The FBI also discovered several thousand work-related e-mails that were not in the group of 30,000 that were returned by Secretary Clinton to State in 2014. We found those additional e-mails in a variety of ways. Some had been deleted over the years and we found traces of them on devices that supported or were connected to the private e-mail domain. Others we found by reviewing the archived government e-mail accounts of people who had been government employees at the same time as Secretary Clinton, including high-ranking officials at other agencies, people with whom a Secretary of State might naturally correspond.

This helped us recover work-related e-mails that were not among the 30,000 produced to State. Still others we recovered from the laborious review of the millions of e-mail fragments dumped into the slack space of the server decommissioned in 2013.

With respect to the thousands of e-mails we found that were not among those produced to State, agencies have concluded that three of those were classified at the time they were sent or received, one at the Secret level and two at the Confidential level. There were no additional Top Secret e-mails found. Finally, none of those we found have since been “up-classified.”

I should add here that we found no evidence that any of the additional work-related e-mails were intentionally deleted in an effort to conceal them. Our assessment is that, like many e-mail users, Secretary Clinton periodically deleted e-mails or e-mails were purged from the system when devices were changed. Because she was not using a government account—or even a commercial account like Gmail—there was no archiving at all of her e-mails, so it is not surprising that we discovered e-mails that were not on Secretary Clinton’s system in 2014, when she produced the 30,000 e-mails to the State Department.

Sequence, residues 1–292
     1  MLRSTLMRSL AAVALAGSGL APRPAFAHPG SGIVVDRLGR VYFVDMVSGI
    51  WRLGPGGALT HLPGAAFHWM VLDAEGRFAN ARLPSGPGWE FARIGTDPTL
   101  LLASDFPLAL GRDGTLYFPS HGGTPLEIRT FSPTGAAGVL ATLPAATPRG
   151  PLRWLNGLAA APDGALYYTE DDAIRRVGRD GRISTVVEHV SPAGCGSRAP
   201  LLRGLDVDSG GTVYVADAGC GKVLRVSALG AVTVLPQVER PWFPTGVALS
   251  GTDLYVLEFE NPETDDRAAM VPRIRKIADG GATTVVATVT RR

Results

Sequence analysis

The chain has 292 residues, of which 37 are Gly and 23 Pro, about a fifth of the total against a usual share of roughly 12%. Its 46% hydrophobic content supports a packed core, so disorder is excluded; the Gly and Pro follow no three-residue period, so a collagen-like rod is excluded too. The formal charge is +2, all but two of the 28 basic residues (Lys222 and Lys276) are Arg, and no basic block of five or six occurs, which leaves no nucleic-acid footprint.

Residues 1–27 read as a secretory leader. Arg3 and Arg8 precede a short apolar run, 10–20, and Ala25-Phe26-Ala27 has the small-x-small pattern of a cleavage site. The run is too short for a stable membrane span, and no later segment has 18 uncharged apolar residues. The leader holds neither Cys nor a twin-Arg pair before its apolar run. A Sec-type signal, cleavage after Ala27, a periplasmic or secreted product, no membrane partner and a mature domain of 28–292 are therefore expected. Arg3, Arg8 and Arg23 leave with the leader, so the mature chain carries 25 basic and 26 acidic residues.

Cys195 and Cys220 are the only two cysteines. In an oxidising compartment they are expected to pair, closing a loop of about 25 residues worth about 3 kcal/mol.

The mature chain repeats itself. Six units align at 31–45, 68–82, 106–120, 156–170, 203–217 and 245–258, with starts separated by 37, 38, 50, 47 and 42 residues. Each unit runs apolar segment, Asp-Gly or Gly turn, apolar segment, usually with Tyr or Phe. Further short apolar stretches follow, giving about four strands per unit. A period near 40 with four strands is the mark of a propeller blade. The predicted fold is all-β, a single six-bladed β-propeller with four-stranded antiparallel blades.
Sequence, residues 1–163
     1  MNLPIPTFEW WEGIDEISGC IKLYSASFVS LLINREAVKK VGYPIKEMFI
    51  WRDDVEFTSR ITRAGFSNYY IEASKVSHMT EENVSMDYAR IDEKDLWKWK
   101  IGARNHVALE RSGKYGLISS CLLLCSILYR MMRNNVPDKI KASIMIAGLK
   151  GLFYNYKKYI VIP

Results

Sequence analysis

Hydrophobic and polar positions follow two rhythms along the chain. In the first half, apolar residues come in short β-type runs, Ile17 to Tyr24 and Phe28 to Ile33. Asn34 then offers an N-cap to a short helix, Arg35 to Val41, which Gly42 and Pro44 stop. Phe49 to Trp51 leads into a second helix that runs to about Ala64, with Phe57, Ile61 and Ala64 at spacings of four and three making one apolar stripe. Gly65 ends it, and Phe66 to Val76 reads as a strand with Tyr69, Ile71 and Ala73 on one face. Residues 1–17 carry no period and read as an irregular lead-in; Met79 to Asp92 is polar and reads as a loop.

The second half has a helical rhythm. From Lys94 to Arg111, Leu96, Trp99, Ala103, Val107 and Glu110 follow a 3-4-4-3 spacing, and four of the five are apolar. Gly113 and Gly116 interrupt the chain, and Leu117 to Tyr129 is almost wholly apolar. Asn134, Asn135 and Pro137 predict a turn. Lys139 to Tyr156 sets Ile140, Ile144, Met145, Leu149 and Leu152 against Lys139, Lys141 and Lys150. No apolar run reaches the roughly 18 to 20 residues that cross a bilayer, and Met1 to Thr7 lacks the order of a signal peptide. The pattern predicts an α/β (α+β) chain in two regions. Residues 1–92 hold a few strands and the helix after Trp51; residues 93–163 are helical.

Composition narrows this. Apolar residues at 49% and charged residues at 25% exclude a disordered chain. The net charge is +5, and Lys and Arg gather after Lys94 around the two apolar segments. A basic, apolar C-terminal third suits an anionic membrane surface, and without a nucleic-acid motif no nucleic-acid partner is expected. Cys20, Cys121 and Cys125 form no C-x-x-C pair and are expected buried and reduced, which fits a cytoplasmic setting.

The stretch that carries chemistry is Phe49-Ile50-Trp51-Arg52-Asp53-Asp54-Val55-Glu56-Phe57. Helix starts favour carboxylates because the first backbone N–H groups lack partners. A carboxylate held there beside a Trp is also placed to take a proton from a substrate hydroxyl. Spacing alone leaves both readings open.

It could also be that some of the additional work-related e-mails we recovered were among those deleted as “personal” by Secretary Clinton’s lawyers when they reviewed and sorted her e-mails for production in 2014.

The lawyers doing the sorting for Secretary Clinton in 2014 did not individually read the content of all of her e-mails, as we did for those available to us; instead, they relied on header information and used search terms to try to find all work-related e-mails among the reportedly more than 60,000 total e-mails remaining on Secretary Clinton’s personal system in 2014. It is highly likely their search terms missed some work-related e-mails, and that we later found them, for example, in the mailboxes of other officials or in the slack space of a server.